From memory loss to dementia to Alzheimer's disease, people over 70 in U.S. are finding less difficulty with these problems, showed findings online in the journal Alzheimer's and Dementia Wednesday.
Lead author Dr. Kenneth Langa and Dr. Allison Rosen, both of the University of Michigan Medical School in Ann Arbor, Mich., used data on 11,000 people from the Health and Retirement Study, a national survey of U.S. seniors age 70 and over.
The researchers compared data gathered in 1993 with data from 2002.
They found the rate of cognitive impairment, which includes a range of ills from significant memory loss to Alzheimer's disease, fell 3.5 percentage points between 1993 and 2002.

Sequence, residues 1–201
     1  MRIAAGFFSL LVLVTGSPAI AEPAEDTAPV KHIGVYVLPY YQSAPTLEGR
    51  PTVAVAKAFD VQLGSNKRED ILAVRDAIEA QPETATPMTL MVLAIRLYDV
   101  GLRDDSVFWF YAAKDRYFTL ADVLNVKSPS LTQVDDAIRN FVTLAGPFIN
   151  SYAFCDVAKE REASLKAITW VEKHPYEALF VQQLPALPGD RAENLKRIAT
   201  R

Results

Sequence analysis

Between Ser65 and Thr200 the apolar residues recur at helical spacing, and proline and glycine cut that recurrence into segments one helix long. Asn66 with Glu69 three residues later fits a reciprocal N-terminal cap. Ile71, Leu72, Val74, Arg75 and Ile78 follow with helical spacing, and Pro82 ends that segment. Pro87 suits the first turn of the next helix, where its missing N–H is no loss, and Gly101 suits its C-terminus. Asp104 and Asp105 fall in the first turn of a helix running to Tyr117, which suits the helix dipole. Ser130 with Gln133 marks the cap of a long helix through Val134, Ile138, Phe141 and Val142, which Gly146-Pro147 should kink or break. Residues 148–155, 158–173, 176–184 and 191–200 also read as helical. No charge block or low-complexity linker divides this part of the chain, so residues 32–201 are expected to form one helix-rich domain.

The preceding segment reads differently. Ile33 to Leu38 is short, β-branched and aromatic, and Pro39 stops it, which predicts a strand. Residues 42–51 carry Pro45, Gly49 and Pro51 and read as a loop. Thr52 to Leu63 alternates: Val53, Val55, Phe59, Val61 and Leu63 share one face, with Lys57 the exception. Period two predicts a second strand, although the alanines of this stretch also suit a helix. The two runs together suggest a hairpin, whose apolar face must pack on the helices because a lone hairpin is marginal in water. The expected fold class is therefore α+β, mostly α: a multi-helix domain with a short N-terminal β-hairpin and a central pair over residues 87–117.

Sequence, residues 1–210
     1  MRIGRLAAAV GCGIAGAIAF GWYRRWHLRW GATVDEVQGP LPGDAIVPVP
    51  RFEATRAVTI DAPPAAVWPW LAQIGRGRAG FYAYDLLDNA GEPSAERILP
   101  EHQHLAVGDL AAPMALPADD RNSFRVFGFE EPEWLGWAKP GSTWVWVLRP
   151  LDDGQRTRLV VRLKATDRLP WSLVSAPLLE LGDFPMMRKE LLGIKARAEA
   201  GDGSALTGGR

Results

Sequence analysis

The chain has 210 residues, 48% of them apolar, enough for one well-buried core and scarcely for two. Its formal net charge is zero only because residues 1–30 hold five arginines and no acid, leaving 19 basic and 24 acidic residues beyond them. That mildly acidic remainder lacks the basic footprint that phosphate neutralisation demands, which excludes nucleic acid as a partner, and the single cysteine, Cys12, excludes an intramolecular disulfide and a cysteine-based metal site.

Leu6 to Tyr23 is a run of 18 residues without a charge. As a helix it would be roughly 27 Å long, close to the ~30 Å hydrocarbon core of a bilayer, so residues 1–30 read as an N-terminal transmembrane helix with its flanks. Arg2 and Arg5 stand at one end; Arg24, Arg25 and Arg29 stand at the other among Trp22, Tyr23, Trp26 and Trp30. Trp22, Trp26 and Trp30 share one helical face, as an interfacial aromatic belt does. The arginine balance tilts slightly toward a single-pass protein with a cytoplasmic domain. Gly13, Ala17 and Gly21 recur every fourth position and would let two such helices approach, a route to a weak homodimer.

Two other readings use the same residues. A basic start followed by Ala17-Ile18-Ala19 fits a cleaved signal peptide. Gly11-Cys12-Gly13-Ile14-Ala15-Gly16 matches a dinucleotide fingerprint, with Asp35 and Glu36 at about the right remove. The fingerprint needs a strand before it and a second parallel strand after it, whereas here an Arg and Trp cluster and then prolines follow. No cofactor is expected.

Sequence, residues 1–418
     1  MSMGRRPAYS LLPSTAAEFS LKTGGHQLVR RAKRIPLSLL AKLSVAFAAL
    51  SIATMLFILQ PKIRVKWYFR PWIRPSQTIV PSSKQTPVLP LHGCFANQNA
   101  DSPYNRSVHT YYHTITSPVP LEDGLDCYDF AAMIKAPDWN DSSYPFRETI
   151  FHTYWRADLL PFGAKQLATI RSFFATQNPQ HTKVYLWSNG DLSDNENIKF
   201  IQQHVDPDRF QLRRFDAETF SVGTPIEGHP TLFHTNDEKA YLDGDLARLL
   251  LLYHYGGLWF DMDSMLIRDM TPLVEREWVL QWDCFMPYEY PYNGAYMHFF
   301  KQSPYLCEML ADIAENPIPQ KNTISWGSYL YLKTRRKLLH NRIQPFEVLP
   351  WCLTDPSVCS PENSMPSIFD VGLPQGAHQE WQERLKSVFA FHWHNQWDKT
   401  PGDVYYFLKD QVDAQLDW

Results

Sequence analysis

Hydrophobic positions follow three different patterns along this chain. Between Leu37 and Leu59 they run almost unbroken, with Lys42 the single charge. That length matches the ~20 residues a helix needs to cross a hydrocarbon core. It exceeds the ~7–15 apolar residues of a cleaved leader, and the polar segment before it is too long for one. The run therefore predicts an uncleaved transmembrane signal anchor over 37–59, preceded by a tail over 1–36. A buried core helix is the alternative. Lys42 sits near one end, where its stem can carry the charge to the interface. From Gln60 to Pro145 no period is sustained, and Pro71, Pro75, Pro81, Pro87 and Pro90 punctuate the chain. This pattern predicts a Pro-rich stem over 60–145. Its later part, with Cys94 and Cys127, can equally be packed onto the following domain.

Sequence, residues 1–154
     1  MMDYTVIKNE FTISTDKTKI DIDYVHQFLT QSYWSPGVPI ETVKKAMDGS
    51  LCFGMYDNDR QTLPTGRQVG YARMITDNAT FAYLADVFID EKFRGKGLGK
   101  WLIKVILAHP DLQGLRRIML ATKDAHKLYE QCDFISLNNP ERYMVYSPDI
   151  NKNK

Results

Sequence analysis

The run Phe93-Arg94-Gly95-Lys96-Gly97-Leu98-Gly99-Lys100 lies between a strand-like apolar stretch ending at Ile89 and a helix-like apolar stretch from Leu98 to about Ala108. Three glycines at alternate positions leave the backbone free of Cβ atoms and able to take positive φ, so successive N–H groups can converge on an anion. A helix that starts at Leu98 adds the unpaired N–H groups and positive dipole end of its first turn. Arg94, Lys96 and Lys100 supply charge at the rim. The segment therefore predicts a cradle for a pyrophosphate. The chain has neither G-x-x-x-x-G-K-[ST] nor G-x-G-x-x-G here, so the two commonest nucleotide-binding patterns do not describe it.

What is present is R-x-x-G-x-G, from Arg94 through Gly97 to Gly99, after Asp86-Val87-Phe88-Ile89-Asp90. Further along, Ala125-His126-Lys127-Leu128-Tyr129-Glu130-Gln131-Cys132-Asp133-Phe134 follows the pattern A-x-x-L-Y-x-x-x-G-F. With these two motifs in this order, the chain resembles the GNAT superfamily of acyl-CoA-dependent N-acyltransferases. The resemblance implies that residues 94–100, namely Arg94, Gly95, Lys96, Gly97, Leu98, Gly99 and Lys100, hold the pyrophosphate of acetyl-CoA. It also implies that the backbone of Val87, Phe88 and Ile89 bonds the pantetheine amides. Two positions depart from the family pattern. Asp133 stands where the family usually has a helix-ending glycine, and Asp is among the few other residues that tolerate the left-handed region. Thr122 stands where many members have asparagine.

The researchers contributed the decline to the better education people received. The more education people had, the better they performed on cognitive tests.
Today's old adults are much likelier to have had more formal education, higher economic status, and better care for risk factors such as high blood pressure, high cholesterol and smoking that can jeopardize their brains.
The study reinforces other studies that suggest people who do mentally challenging tasks early on build up a reserve of brain power that helps them withstand later injuries to the brain, such as a mini-stroke.
In 1993, people who were 70 or older on average had 11 years of education. By 2002, those 70 and older had 12 years of education, according to the survey.
(Agencies via Xinhua February 22, 2008)